Hamlet in paradise: the politics of procrastination in Mirza Waheed’s The Collaborator

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This chapter argues that Mirza Waheed's, The Collaborator, is characterized by a politics of procrastination, rejecting the common positions of both Indian and Pakistani sides in the dispute over the province of Kashmir. Hamlet's dying injunction would appear also to be that of Waheed's collaborator, whose insubordinate act of humanity must place his own life in jeopardy, even as he ensures that others' existences endure: 'in this harsh world draw thy breath in pain. The Collaborator's narrative tone is also shot through with irony. It is clear that the most systematic and destructive violence is that wrought by the Indian military, under the direction of an authoritarian and Hindu-leaning State Governor. Yet even before the night-time raids, line-ups, and punishment beatings with which the army seeks to quell the insurgency, the narrator is already sceptical of the rhetoric of the village's newly arrived rabble-rousing moulvi, whose sermons consist of political proselytizing on the subject of Indian atrocities against Muslim Kashmiris.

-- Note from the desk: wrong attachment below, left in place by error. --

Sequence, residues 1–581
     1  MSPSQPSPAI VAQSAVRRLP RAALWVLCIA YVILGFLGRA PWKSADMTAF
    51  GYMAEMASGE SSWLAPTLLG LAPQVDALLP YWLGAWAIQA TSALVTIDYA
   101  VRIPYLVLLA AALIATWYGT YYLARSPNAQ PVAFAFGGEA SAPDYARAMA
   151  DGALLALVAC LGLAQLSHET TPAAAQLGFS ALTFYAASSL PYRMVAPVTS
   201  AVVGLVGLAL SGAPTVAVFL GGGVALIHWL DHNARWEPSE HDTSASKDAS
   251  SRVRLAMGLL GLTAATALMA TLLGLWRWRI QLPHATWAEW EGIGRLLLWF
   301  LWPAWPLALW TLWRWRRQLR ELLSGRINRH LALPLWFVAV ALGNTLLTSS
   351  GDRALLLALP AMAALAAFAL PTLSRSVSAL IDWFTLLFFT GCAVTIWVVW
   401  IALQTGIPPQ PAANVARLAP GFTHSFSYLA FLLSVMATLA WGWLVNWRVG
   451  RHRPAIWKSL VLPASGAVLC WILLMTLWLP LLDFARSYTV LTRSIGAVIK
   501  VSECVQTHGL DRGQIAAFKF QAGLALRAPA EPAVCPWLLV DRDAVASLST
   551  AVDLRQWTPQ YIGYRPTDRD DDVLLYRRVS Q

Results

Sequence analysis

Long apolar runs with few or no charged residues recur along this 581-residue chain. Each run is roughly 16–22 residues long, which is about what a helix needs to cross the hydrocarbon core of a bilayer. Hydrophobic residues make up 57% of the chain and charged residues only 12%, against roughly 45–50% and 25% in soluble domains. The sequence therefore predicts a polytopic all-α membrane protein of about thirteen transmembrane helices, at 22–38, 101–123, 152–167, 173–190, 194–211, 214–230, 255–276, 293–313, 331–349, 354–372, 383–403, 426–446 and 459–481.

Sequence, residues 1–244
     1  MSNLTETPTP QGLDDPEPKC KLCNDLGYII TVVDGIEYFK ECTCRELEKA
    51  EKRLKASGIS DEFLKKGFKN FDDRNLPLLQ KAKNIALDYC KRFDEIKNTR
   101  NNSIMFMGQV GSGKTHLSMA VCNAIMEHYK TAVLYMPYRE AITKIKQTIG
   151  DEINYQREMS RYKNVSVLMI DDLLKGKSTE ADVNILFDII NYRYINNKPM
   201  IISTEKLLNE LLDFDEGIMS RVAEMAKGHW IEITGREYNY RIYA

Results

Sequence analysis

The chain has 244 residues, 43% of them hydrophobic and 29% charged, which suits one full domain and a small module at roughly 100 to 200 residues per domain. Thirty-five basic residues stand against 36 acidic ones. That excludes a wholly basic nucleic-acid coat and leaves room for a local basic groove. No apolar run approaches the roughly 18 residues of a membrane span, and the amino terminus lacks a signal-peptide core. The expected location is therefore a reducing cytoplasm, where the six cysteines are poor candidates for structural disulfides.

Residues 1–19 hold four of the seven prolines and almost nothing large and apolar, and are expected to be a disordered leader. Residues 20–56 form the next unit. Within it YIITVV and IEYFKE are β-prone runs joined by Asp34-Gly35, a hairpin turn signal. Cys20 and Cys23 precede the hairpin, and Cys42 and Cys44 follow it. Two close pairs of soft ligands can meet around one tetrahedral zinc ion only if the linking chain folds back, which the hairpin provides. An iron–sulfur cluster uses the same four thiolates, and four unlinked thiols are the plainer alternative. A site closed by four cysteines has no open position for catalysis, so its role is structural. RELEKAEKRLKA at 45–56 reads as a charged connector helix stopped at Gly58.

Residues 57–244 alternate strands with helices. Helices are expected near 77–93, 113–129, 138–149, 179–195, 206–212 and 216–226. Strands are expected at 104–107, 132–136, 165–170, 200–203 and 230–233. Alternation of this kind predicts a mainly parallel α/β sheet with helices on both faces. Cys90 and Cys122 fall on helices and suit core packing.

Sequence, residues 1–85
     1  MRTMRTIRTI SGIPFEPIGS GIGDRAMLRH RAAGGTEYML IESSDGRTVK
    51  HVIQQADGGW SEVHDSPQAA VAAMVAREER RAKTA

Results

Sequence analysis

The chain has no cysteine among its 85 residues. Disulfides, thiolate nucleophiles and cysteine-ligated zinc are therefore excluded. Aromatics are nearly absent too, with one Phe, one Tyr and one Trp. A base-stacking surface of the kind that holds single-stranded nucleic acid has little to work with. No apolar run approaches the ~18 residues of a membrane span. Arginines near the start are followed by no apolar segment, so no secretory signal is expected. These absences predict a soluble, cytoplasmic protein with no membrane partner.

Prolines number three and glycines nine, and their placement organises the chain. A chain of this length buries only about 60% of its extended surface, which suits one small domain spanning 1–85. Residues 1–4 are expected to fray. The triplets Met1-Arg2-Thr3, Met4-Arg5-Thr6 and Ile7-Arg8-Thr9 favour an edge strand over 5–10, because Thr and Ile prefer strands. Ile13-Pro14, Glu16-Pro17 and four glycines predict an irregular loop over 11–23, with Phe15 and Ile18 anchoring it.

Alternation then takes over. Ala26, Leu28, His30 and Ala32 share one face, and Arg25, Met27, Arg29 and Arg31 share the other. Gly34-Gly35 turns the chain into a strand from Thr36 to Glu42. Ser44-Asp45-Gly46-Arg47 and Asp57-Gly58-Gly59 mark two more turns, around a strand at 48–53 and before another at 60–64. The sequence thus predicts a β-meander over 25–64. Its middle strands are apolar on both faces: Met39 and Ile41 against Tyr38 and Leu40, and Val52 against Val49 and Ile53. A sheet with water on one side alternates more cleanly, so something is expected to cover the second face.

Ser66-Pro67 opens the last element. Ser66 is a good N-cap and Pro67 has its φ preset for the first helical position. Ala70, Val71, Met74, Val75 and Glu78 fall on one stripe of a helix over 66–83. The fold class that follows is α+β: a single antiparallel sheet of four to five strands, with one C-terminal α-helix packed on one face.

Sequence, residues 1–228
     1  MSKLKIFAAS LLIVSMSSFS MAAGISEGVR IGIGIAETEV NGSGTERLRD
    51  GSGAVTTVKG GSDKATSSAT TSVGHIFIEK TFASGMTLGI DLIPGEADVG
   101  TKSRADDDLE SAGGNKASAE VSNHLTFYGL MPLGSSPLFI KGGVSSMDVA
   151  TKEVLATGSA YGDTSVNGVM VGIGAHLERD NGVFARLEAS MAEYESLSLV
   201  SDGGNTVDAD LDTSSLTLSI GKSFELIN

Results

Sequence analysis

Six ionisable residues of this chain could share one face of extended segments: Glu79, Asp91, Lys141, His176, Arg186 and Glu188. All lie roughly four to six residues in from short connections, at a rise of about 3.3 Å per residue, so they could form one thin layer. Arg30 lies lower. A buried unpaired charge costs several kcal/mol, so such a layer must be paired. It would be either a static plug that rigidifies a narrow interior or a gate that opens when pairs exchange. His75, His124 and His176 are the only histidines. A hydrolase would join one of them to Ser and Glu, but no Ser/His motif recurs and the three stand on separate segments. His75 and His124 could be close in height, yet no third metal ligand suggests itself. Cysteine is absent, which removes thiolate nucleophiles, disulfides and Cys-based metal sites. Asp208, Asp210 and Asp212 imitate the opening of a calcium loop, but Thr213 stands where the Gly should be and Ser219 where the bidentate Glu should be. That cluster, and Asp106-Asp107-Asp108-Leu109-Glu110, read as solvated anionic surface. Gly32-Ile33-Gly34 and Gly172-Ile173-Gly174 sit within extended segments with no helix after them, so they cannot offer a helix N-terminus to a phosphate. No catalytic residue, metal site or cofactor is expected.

Original languageEnglish
Title of host publicationImagining Muslims in South Asia and the Diaspora
Subtitle of host publicationSecularism, Religion, Representations
EditorsClaire Chambers, Caroline Herbert
Publication statusPublished - 22 Jun 2014